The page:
Canada: When Social Engineering Fraud Is Not Covered Under Your Insurance Policy

Last Updated: August 7 2017
Article by Martin P.J. Kratz

We live in an age of escalating cybersecurity threats. Many intrusion threats are social engineering attacks, which seek to gain entry to an organization's computer systems via its personnel and not a hack to the computer systems. While not technical in nature these attacks can effect substantial harm on an organization and need to be taken as seriously as the technical attacks.

A classic risk mitigation step on every organizations checklist is to implement thoughtful internal controls with appropriate checks and balances to seek to prevent fraud.

Another classic risk mitigation step on every organizations cyber perils checklist is to consider securing adequate insurance to cover the specific kinds of computer security risks. A recent decision of the Alberta Court of Queen's Bench, The Brick Warehouse LP v. Chubb Insurance Company of Canada, 2017 ABQB 413 [The Brick], shows that one has to pay time and attention to what coverage an organization is actually securing and the limits to that coverage.

The facts in The Brick themselves tell a cautionary tale. In this case August 2010, a person made a telephone call to The Brick Warehouse, a furniture retailer, and spoke with the accounts payable department. The person claimed that he was calling from Toshiba and he claimed that he was new to the company, and sought some missing payment details. The Brick staff member, being helpful, sent a fax with the payment documentation to the fax number provided by the caller. A few days later the same person called again with the same story. This time the same Brick employee advised the caller to write to The Brick's lender to "set up address and update Toshiba's email addresses so he would receive electronic notification of payments". A few days later that same month a different Brick staff member in the accounts payable department received an email from a person claiming to be the Toshiba controller and advising that Toshiba had changed its bank from the Bank of Montreal to the Royal Bank. Account details for the new Royal Bank account were provided with the request that payments should now be made to the new account.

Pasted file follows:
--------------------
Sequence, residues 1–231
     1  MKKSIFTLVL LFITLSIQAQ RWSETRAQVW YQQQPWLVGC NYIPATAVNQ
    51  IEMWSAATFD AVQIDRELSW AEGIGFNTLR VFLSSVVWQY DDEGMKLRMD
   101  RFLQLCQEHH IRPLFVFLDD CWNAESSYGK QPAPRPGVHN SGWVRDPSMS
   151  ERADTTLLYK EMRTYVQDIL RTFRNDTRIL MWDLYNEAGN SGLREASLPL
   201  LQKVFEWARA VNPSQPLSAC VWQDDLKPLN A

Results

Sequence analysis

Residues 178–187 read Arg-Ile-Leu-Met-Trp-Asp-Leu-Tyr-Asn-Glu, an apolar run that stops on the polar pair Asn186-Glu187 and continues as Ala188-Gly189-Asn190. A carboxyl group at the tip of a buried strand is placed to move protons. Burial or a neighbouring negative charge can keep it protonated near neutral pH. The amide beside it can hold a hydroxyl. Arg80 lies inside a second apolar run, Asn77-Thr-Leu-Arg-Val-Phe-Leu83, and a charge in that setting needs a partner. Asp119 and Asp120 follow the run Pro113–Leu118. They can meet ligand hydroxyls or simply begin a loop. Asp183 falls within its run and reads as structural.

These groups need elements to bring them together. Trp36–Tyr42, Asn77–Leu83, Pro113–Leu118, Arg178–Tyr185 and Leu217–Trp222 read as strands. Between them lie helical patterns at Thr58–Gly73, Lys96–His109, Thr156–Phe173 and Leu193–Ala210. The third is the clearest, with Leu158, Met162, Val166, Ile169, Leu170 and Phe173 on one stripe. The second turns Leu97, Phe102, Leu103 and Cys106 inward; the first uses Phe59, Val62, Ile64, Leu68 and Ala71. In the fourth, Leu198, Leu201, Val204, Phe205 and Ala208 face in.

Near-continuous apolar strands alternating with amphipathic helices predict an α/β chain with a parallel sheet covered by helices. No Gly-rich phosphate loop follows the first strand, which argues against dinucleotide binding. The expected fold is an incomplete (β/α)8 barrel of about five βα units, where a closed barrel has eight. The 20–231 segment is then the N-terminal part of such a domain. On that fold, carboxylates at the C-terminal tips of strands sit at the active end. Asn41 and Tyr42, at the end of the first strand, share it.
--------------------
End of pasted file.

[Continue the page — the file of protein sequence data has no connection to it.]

A few days later a person called The Brick's accounts payable department and spoke to the employee who had received the email from the "controller" and received confirmation of the transfer of the banking information. Internally Brick staff changed the banking account information for Toshiba in their system so that payments from The Brick's bank would be made to the new Royal Bank account.

The Brick staff merely followed existing protocols for changing account information but never independently verified the instructions with Toshiba either in respect of the request for the internal documentation or in respect of the instructions to change the banks and account details.

The Brick made 10 payments to the Royal Bank account totaling $339,322.22.

A few days later, September 3, 2010, when an individual contacted the accounts payable department claiming to be from Sealy Canada. They gave a story of Sealy changing banks and again provided a Royal Bank account number. However, it was the same account number associated with the "Toshiba" account and so could not be entered into The Brick payment system. A Brick employee followed up with the number in the Toshiba email and was told Toshiba and Sealy had merged.

The fraud was discovered September 10, 2010, when Toshiba followed up on its accounts receivables. An investigation was promptly conducted and no payments went to the "Sealy" Royal Bank account. The police were involved and The Brick was able to recover $113,847.18 of the fraudulently transferred funds.

December 6, 2011, The Brick made a claim under their Funds Transfer Fraud insurance policy to their insurer, Chubb, for the net loss, $224,475.14.

March 15, 2012, Chubb denied the claim on the basis that an authorized Brick staff member had given the instructions to its bank and those instructions were themselves not fraudulent.

The Alberta Court of Queen's Bench heard the case. Chubb's insurance policy provided coverage for "Funds Transfer Fraud by a Third Party" with the following policy language:

"Fund Transfer fraud means the fraudulent written, electronic, telegraphic, cable, teletype or telephone instructions issued to a financial institution directing such institution to transfer, pay or deliver money or securities from any account maintained by an insured at such institution without an insured's knowledge or consent."